Friday, 17 January 2014

The last line of the book

The other day, Marcia said to me, ‘I know the last line of the book.’

‘Oh, when did that happen? Just now?’

‘No,’ she shook her head. ‘A few days ago but I wasn’t sure I had it exactly right until just now.’

‘So you know how it ends?’

‘I think so but I still don’t know how they all get there.’

You will remember from last week that she is about half way through the writing part of this novel. The question that springs to mind is: ‘Just how does this work?’

That is something I have brooded on in the past and never found a sensible answer but today I think I can see how it does work. Perhaps, anyway. Let’s see whether this makes any sense.

You are standing on the top of a hill. The view is incredible: directly in front of you the is a deep valley, in many parts it is wooded but there are a number of areas where there is open pasture in which animals graze and other fields where wheat and other crops are growing. You can be sure that down there, hidden from your view, there is a river running through the valley and looking across at the other side you suspect a number of smaller streams running down the sides of the hills to join it. 

Then there is the hill top opposite. It is a fair distance away but by peering through your binoculars you can see it is a smoothly rounded feature and a small cairn of stones has been built up there to mark the summit.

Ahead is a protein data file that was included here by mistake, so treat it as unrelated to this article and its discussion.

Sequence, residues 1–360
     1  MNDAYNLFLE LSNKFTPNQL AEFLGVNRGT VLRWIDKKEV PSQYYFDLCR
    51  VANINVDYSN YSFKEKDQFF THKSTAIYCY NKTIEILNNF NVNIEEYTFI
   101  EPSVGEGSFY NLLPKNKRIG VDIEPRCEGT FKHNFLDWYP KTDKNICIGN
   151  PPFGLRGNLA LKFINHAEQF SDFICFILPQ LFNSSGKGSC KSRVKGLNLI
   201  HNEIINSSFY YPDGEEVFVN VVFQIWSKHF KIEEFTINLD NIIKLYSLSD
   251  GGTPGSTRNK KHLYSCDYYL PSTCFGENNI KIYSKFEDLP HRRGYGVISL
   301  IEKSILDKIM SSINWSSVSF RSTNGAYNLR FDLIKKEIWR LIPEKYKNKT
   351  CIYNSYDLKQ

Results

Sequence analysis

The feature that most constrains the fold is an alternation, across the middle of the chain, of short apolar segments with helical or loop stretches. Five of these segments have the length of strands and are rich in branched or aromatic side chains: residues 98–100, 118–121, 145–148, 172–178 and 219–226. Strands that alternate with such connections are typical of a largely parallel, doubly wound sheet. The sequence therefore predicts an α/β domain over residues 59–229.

That summit is your destination. Looking down again you decide on the route you are going to follow but, of course, apart from the first few hundred yards, you are really guessing as you have no idea what you will find on the way . . .

. . . what diversions will be forced upon you, what fascinating distractions will draw you from the direct path, what obstacles you will find that hinder your progress. Above all, for how long will the present state of excitement at the prospect of the journey and the arrival at that cairn last. As all explorers know, there will be times when you really wonder why you are putting yourself through so much pain and suffering but there will be others when the heart sings and you would be in no other place.

So it is that Marcia knows the beginning and she can see her destination in the distance. It’s the bits in between that are going to provide the challenges.

This is without a shadow of a doubt the largest Pekingese I have ever seen. He is, as his name implies, huge. That name? Well, Maxmegapod, obviously. However, I am told that when he is feeling kindly he will answer to Max.